Weekend Assignment #210 – Speechifying

The Weekend Assignment is posted each Friday at Outpost Mâvarin; a roundup of responses goes up the following Thursday, so if you’d like to join in, you’ve still got some time.


Weekend Assignment #210: It’s been 40 years since the Mountaintop speech, and even longer since the great speeches of John F Kennedy, Winston Churchill, Franklin Delano Roosevelt, Abraham Lincoln and others. Are the days of great oratory behind us, or have you drawn inspiration from some recent public speaker? If so, what was the speech? Do you remember any actual quotes from it?

Extra Credit: Have you ever given a speech, other than in a classroom?

Well, I thought last week’s assignment was a challenge, but this one may be more so.

Unaccustomed as I am to public speaking, I’ll field the extra-credit question first. One reason why I write is that I feel much more comfortable letting the words speak for themselves than I do reading or delivering them to an audience, and therefore I will avoid making speeches as much as possible. I don’t even want to do their cousins, presentations, unless I really have to. I gave the toast at the dinner for my senior class in college, and I have had to give short talks for work on occasion, but other than that I don’t think I’ve gotten up in front of a group of people to talk since college – certainly not voluntarily. Being the focus of a group’s attention in that manner is one of the reasons that I never gave serious consideration to a teaching career, let alone fields like acting, politics, or the ministry.

I would prefer not to believe that the days of great oratory are past, but it does seem to occur pretty rarely these days. I suspect that TV sound bites and short attention spans are both factors in its decline; modern communication has changed things.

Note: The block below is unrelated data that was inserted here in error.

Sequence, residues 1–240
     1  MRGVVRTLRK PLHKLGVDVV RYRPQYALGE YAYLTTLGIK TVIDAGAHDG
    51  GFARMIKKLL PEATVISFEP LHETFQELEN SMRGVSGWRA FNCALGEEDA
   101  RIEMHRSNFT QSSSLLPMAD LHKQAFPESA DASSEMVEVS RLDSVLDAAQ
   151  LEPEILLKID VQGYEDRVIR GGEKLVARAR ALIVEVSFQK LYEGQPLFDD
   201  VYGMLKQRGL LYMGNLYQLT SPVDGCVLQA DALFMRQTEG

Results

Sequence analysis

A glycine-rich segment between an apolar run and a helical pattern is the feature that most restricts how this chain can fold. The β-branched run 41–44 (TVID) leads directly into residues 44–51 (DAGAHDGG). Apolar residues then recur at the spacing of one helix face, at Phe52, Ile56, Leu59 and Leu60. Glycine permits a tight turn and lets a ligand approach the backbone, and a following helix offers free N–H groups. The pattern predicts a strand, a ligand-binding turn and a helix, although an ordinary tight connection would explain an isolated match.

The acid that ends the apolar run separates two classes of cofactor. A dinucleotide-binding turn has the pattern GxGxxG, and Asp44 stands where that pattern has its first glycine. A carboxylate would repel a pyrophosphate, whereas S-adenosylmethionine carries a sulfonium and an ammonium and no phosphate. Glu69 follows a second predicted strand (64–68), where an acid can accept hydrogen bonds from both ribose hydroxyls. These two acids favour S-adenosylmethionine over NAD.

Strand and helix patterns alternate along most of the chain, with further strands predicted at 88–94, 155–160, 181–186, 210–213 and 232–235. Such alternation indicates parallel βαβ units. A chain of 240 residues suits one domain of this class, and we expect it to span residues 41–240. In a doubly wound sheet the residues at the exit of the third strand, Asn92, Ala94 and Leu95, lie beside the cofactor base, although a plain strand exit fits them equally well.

Having said that, I know that there have been times when I’ve been impressed, stirred, or moved by things that I’ve heard in good speeches, whether I’ve watched them on TV or heard them in person. Granted, some of them were written for President Bartlet on The West Wing, so I’m not sure I should count those. (But when the writing on that show was good, it was very good. And let’s not forget that a great speechwriter may well be as important in producing a great speech as the speaker is.) As the victim of my own short attention span, I have to confess that even the best of these speeches don’t tend stick with me for very long; that’s compounded by the fact that I have a far better memory for what I read than what I hear. If you have me listen to a great speech and then read a transcript shortly afterwards, it’s much more likely to take hold.

However, other than the big lines that make it into the news stories and, later, the history books, I’m not so much for the quoting of great speakers. Quoting The Princess Bride, on the other hand, is something I can manage to do almost any day of the week.

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5 comments

  1. I’m with you on public speaking. I don’t like doing that either. I will say this, “My name is Inigo Montoya. You killed my father. Prepare to die.” 🙂

  2. Yes, it’s true: fictional speeches, especially short ones, seem easier to remember: “Life is pain, Your Highness. Anyone who says differently is selling something.”

  3. “You really are that smart?”
    “Let me put it this way. You’ve heard of Aristotle? Plato? Socrates?”
    “Yes.”
    “Morons.”

    “Inconceivable!”
    “You keep using that word. I do not think it means what you think it means.”

    This has to be the most quotable movie of the last twenty years.

    Mike – And that has to be the most quoted line.

    Karen – Westley is right about that.

  4. All too true. The Princess Bride is almost as quotable as Monty Python’s Holy Grail:
    “You rush a miracle man, you get rotten miracles.”
    “Run away!”